revisions would be implemented as of October 1, 1998, CBO estimates 
that the elimination of the shopping incentive would reduce federal 
outlays by $0.4 billion over the 1999-2002 period.
    Repeal of Preference Rules. Section 202 would repeal 
federal preference rules for admitting new recipients of 
section 8 assistance, both for tenant-based and project-based 
programs. Current rules give priority to applicants on waiting 
lists who have the most severe housing problems and who 
typically have much lower incomes than other eligible families. 
For tenant-based assistance, the bill would permit PHAs to 
establish local preferences consistent with their public 
housing plan. CBO is uncertain whether and how that provision 
would change the cost of tenant-based assistance because it 
would depend on the priorities of the individual PHAs. CBO 
expects that private owners of projects with section 8 project-
based assistance would have incentives to offer a portion of 
their newly vacant units to working families with somewhat 
higher incomes to serve as role models and possibly make such 
projects more desirable to live in. Because such tenants would 
pay a larger share of the rent, spending for federal subsidies 
would decline by an estimated $84 million over the five-year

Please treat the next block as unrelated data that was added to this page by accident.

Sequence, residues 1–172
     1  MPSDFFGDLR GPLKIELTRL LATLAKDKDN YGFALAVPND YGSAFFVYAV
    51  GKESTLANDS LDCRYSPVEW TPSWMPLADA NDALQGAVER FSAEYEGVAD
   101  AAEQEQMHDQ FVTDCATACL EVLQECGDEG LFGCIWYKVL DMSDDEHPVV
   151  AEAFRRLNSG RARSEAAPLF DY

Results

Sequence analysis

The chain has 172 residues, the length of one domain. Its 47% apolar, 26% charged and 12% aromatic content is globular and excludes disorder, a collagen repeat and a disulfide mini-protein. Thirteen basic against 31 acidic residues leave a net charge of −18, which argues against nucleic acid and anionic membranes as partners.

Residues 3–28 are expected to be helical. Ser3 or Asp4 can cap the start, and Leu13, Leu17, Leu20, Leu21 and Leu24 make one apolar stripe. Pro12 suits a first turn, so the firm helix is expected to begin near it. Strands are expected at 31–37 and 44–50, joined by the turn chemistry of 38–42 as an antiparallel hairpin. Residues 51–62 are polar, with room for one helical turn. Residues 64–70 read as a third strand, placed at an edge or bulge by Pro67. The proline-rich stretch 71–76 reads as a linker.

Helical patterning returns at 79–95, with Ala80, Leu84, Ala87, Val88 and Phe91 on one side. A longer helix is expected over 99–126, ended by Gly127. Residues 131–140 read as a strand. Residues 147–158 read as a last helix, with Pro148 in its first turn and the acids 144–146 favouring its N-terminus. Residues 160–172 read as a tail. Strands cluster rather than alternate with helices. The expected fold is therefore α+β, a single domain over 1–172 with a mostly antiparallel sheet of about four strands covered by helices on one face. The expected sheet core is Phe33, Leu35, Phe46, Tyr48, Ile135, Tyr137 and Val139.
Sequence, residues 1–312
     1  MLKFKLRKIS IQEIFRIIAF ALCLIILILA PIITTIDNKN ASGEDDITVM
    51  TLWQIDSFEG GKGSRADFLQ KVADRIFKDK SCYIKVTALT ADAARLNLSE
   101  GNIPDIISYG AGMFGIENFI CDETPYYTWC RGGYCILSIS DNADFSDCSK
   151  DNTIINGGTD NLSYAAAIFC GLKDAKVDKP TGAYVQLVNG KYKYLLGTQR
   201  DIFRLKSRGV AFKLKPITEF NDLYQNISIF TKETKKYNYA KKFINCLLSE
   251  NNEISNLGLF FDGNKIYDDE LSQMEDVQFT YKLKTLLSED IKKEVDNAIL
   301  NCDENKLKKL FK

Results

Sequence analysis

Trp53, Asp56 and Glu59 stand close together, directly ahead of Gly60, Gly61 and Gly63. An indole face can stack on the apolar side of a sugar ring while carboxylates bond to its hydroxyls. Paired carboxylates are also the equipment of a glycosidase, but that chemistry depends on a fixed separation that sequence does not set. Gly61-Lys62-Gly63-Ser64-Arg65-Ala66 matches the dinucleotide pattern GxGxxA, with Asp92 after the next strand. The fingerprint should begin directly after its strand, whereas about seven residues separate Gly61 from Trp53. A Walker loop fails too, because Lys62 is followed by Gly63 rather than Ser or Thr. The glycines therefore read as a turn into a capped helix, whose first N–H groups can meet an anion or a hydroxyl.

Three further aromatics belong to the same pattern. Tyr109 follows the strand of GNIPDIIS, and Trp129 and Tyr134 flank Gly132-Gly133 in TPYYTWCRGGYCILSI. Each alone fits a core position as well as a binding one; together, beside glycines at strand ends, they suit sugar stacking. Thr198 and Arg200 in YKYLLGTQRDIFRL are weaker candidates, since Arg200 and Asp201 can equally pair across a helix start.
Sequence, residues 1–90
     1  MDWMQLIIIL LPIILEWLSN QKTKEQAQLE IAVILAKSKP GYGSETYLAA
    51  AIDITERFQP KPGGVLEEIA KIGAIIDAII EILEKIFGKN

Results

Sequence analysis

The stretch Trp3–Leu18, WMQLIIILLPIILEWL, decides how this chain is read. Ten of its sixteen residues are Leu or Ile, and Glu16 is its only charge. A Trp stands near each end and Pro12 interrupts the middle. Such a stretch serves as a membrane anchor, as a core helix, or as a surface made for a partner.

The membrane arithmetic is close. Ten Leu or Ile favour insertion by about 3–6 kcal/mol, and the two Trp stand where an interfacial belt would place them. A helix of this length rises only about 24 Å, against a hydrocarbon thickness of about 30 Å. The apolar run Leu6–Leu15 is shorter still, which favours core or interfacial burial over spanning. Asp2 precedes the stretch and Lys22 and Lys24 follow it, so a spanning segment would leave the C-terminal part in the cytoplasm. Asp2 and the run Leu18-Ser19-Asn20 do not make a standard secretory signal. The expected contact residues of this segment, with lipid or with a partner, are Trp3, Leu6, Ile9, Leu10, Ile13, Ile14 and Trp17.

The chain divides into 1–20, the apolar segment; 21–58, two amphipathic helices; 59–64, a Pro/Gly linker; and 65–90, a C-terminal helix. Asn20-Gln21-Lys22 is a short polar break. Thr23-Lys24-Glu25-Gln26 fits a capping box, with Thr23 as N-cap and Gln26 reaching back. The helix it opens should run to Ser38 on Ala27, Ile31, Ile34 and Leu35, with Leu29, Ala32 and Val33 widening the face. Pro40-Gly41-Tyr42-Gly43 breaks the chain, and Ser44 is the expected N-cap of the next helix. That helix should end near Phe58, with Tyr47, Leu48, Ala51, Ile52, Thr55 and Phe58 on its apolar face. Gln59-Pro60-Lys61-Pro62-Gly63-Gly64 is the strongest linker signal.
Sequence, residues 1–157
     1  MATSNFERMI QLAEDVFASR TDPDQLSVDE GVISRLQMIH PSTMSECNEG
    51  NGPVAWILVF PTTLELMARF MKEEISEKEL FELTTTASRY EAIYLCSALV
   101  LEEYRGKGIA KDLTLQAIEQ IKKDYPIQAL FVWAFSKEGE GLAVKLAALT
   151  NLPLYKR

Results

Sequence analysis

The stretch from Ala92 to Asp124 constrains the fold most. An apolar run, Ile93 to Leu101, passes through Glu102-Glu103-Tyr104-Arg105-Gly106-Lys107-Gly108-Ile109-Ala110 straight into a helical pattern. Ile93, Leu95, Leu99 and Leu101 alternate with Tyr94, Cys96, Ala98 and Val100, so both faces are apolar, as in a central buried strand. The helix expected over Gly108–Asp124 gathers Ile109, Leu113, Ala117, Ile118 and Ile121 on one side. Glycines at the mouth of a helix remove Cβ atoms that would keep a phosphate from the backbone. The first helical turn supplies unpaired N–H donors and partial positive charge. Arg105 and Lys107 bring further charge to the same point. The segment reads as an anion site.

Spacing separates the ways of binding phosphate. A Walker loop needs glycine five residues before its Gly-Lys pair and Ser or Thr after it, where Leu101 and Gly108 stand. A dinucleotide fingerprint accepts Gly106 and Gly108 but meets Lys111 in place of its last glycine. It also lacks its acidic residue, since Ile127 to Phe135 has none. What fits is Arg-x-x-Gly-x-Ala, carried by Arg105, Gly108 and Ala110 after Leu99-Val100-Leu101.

period, of which $47 million would be direct spending.

HUD's administrative costs

    CBO expects that, on balance, enacting this bill could 
result in administrative savings to the federal government in 
the long run but we cannot estimate those savings because we do 
not have sufficient information as to how HUD would implement 
the changes. Those savings are expected to result from 
consolidating various programs and streamlining their 
requirements, as well as shifting certain program oversight 
activities from HUD to well-run PHAs.
    Certain provisions of the bill, however, would impose 
additional administrative responsibilities on HUD, such as 
reviewing the various types of plans that PHAs must submit, 
providing technical assistance, and developing distribution 
formulas for the two consolidated grant programs. In the near